Updated: December 13, 2018 08:27 AM GMT
In this October 2008 photo, an Indian Christian family return to their house after it was damaged during rioting by hard-line Hindu activists in Odisha state's Kandhamal district. (Photo by Deshakalyan Chowdhury/AFP)
It was pure journalistic instinct that made me travel to the remote Kandhamal jungles in India's Odisha state after an arson attack destroyed over 100 churches and Christian institutions in December 2007. I then had no clue that I was embarking on a life-changing voyage.
By December 2017, I had completed 25 visits to the jungles, the hills where India's worst anti-Christian riots took place some 200 kilometers southeast of Odisha's capital Bhubaneswar.
My visits and research had confirmed that the 2007 Christmas nightmare in Kandhamal had been only a rehearsal for the bloodbath that unfolded a year later in the tribal district. All were part of a plan.
On Aug. 23, 2008, as Hindus celebrated Janmashtami or the birth of Hindu lord Krishna, their prominent leader Swami Laxmanananda Saraswati was shot dead.
Hindu radicals rounded on Christian targets after dubbing the murder a Christian conspiracy. The unabated violence that continued for seven weeks killed some 100 people, rendered 56,000 homeless and destroyed 6,000 houses and 300 churches.
A few skeptics in the church suspected the suffering could force some people to leave Christianity. The poor but valiant Christians in the remote jungle tract have proved the skeptics wrong. Hardly anyone has recanted their faith despite the suffering and inexpressible poverty.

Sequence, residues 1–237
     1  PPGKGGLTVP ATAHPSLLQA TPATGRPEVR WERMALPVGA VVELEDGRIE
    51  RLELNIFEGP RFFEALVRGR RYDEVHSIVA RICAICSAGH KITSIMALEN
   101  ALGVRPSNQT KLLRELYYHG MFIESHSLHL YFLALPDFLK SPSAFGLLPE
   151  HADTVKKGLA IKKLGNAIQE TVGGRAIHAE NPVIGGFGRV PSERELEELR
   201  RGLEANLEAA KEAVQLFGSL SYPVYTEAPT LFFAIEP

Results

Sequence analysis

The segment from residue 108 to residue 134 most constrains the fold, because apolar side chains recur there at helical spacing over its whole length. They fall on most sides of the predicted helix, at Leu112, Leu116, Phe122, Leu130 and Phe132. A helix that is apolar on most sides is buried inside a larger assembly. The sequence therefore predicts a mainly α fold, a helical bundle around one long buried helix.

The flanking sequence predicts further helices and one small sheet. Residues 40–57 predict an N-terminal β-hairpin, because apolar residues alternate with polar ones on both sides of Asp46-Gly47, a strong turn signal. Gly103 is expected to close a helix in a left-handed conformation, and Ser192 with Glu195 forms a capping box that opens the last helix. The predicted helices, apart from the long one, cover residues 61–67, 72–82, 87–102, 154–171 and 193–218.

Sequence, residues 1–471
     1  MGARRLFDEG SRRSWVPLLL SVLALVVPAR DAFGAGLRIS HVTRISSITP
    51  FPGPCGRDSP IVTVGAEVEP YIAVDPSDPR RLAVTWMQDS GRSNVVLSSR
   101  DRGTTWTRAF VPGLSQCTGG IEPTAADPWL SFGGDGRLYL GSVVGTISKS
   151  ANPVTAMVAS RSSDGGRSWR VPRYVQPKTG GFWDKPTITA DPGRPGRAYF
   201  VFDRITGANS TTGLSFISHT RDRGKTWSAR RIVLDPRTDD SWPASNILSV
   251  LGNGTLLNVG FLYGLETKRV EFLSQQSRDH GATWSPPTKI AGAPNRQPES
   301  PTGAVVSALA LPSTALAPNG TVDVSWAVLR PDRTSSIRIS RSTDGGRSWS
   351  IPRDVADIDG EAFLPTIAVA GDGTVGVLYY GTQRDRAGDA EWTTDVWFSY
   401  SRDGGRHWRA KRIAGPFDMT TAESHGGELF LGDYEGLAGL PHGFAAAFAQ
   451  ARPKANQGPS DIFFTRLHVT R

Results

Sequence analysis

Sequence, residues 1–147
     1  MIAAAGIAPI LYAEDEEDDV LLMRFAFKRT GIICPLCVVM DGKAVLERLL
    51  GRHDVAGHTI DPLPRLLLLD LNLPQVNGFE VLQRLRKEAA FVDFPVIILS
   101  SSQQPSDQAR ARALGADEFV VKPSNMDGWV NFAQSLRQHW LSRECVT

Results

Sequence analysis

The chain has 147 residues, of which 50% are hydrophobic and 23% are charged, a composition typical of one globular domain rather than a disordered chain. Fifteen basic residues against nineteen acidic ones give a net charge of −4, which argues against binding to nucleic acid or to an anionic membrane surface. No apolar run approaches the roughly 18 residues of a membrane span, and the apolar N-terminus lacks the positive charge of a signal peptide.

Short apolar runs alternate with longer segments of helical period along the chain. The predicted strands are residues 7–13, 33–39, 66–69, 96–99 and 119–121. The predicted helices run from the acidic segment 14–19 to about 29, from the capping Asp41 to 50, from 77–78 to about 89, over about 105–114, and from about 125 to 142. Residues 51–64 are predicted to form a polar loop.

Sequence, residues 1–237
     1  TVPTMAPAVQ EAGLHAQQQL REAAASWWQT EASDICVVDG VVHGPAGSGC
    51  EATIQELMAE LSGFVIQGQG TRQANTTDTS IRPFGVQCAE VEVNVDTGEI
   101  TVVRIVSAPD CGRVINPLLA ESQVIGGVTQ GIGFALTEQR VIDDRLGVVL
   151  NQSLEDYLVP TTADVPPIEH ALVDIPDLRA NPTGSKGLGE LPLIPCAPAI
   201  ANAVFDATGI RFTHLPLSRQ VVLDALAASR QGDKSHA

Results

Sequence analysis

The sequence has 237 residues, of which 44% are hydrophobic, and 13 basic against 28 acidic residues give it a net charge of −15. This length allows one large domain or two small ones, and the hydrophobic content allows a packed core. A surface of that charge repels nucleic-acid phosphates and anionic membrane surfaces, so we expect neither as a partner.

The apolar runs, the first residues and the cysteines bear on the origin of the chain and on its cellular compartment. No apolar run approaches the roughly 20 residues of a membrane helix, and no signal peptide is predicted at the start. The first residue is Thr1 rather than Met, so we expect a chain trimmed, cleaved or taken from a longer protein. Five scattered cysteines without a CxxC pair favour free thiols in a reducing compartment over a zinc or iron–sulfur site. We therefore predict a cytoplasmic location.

My book on the riots, Shining Faith in Kandhamal, was released in October 2009. Worried about the safety of those who had testified against Hindu radicals, I masked the faces of those who gave strong testimonies. I used anonymous names, even for their villages, to ensure they were not tracked.
"What have you done? We are not cowards. Show our faces," said those people whose photos were masked. They were hurt by my action, they said. "We are ready to suffer any hardship for our faith in Christ. We will not give up our faith."
An undue rush was seen in accusing Christians of the Swami's murder and arresting them.
Soon after the murder, four Christians including an illiterate 13-year-old boy were picked up by Hindu activists, beaten and dumped in police stations. It was not police but Praveen Togadia, the leader of Vishwa Hindu Parishad (VHP), who made public their names and accused them of killing the Swami.
When the police could not make charges stick after detaining the group for 40 days, they were released. Then the investigation team arrested seven Christians (all non-Catholics) including a mentally challenged man from the remote Kotagarh area. On the day the charge sheet was filed at court, Togadia even demanded that "the pope should apologize to Hindus."
During the four-year trial of the accused, hardly any worthwhile evidence was brought before the two judges. Biranchi N. Mishra, the judge who presided over the final two years of the trial, was transferred in 2013 before delivering a verdict.
The judge had repeatedly challenged the prosecution over why the innocent Christians were in detention and even recorded that the conduct of investigating officer Santosh Kumar Patnaik was "deplorable."